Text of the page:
July might be drawing to a close but I still wanted to highlight the importance of this month. July is the anniversary month of the Black Lives Matter movement, it is also Disability Pride month and it's the month that I almost reached my Goodreads goal
Partway through the month, I decided to switch gears and focus on reading books with more black and LGBTQX+ representation, as I realize that this is still a very niche part of fiction and literature that I myself have been neglecting.
This awareness has...led many within the book community to actively seek out books written by mainly black but also person-of-colour authors. It has sparked a much needed conversation regarding the representation of black authors/black main characters in fiction but also across a wide range of literature.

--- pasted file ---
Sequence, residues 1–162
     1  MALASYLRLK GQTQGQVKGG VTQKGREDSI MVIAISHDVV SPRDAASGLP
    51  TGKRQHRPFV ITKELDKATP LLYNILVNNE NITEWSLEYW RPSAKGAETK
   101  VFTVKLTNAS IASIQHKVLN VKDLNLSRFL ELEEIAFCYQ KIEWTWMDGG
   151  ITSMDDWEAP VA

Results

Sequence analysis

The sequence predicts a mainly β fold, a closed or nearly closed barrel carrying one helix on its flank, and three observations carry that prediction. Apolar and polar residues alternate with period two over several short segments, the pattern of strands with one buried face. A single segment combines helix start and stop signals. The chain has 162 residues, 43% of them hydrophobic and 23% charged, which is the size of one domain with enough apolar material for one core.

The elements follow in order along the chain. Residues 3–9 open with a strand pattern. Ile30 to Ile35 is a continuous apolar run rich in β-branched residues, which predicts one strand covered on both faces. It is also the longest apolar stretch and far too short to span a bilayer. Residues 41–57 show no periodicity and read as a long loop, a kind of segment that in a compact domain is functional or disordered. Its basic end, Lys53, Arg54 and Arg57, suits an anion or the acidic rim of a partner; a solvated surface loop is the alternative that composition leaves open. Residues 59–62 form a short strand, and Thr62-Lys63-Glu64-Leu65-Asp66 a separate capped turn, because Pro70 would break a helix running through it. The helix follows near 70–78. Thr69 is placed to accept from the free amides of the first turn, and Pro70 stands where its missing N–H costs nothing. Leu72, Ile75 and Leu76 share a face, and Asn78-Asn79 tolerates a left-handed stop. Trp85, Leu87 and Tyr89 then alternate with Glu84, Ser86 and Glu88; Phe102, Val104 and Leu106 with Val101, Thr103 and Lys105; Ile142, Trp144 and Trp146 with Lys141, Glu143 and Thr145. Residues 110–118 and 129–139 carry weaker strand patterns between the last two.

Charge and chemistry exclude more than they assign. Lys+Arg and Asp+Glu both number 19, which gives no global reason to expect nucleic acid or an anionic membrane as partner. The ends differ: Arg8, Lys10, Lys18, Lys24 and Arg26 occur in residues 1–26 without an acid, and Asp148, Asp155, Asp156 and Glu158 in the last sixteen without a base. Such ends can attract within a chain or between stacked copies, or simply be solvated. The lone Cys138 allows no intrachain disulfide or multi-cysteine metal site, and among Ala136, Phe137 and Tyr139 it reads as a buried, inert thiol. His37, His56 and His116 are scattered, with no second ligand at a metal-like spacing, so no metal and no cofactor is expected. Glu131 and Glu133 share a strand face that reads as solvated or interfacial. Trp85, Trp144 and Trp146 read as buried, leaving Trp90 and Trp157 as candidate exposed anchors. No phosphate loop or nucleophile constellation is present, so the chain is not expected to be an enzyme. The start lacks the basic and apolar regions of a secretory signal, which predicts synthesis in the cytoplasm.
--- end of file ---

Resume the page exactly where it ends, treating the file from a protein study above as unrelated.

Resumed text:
The Secret She Kept possesses a compelling sense of urgency that from the very beginning kept my focus invested in the story throughout and also added an alluring layer of mystery.
I thought it was a brilliant initiative to incite conversations that eliminate stigma unfairly being levelled towards Asians, particularly individuals of Chinese descent, in light of the global spread of coronavirus. But also how those at the very center of such gross discrimination are themselves espousing the same level of intolerance towards Africans in parts of China.
I largely enjoyed listening to this book and felt absolutely bereft when it ended, as I feel like the book did an excellent job of taking the reader on the narrator's journey.
Wiking's latest book is all about how we can turn happy moments into lasting memories and in so doing slow down the passage of time. The Art Of Making Memories was published in 2019 by Penguin Books Life.
The Writer began extremely well, with tons of promise and potential. It offers a unique insight that is generally lacking from other books of a similar genre.